To help small businesses, lawmakers should loosen regulations
This week is National Small Business Week. And to celebrate small businesses, a bunch of events have been planned around this topic in Minnesota. As the Department of Employment and…
Joe Juranitch, aka Ragnar, was the Vikings number one booster on the sidelines for years. But these days he cheers on the way the Trump business tax cuts have played out in his Ely manufacturing company since being passed by Congress in 2017.
Ely Mayor Chuck Novak told the Forum News Service that Juranitch and his sister’s blade-sharpening company has quietly expanded to a workforce of 20 employees in the past couple years.
“They’re innovative as hell,” Novak said. “It’s a treasure in the city of Ely. It’s unknown; it’s not on Main Street; people drive by here and they have no clue what happens in this facility.”
Juranitch gives much of the credit for the growth of Razor Edge Systems to the investment and innovation opportunities resulting from lower corporate tax rates now on the books.
“We were paying 39% corporate taxes; now they’re down to 21%,” he said. “We’ve been able to take the money, which is a significant amount, and put it into our employees and developing new products.”
The administration’s aggressive stance toward China has also made a difference in the manufacturing sector, even in remote northern Minnesota.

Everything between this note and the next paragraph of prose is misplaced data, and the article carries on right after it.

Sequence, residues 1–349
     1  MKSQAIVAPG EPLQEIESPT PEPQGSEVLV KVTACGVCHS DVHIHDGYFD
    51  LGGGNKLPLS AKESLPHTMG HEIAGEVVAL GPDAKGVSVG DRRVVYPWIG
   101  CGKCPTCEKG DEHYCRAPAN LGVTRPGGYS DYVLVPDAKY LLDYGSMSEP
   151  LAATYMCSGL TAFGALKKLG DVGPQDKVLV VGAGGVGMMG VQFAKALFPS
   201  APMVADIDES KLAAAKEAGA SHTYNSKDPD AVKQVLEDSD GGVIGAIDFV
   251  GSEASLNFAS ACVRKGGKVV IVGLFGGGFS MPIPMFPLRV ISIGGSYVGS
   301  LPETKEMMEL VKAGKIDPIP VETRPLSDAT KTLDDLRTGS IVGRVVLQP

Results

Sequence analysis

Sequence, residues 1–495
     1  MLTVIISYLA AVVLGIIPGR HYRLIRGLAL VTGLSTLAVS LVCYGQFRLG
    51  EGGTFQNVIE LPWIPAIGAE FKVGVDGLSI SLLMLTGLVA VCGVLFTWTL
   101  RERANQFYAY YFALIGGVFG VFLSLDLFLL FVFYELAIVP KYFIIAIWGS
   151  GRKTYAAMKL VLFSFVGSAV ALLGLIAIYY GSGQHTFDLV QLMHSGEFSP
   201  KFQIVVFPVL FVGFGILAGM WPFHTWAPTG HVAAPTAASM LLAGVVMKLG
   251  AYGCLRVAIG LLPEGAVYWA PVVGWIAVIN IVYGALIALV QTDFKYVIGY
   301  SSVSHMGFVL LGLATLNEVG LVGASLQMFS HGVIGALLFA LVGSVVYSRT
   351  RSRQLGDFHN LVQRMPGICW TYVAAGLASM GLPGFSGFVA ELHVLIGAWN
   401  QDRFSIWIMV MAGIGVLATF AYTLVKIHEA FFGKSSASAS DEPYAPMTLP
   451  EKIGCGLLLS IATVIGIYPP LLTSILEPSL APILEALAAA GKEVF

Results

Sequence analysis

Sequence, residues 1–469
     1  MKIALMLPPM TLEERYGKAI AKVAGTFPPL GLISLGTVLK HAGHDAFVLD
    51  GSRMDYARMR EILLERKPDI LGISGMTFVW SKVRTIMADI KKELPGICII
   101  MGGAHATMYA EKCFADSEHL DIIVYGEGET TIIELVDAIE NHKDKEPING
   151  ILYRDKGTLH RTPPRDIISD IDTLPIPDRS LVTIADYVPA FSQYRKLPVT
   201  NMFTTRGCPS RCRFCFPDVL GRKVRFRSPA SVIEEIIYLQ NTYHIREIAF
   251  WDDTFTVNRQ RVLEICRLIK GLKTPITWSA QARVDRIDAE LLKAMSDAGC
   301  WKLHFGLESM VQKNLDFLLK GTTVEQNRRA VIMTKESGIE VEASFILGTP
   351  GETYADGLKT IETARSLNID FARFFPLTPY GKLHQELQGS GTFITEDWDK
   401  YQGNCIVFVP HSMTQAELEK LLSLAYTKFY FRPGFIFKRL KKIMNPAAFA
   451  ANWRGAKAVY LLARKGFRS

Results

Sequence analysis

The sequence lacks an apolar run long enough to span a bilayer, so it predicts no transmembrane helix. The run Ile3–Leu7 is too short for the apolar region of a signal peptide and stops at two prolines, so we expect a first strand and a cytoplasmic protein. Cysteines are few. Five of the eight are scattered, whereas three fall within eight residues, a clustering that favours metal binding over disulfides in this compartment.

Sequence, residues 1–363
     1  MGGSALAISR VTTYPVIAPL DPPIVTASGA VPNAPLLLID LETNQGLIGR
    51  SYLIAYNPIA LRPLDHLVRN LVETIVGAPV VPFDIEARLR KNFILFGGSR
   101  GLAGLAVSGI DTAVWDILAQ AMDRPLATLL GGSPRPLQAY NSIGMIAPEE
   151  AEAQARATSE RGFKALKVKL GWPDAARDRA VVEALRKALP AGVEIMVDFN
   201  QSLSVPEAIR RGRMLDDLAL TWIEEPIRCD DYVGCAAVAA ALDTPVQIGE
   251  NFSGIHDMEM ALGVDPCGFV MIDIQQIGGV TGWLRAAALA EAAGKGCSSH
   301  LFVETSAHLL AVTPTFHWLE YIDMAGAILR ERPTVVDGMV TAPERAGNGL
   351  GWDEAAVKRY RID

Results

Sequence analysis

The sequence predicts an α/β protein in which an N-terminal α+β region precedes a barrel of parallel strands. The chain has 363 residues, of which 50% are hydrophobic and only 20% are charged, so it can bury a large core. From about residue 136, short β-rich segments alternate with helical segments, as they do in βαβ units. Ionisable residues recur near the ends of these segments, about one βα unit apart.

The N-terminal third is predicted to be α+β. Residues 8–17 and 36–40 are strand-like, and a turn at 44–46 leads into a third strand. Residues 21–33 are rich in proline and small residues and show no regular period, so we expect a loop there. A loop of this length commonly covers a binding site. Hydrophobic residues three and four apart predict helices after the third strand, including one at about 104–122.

…He appreciates the president tackling China and its propensity for stealing intellectual property.
“Our goal is you need to be the first one out there, because if you’re not you’re going to get a country like China, which has distribution all over this country, take it and by that time it’s too late,” Juranitch said.
Juranitch said his company monitors its website and it can see Chinese companies spending lots of time looking at their devices.
Much of the attention in the 2020 campaign in northern Minnesota has focused on President Trump’s support for opening up the area to more mining. But the economic growth spurred by pro-business policies already in place may also account for the rapidly shifting political allegiances on the Iron Range.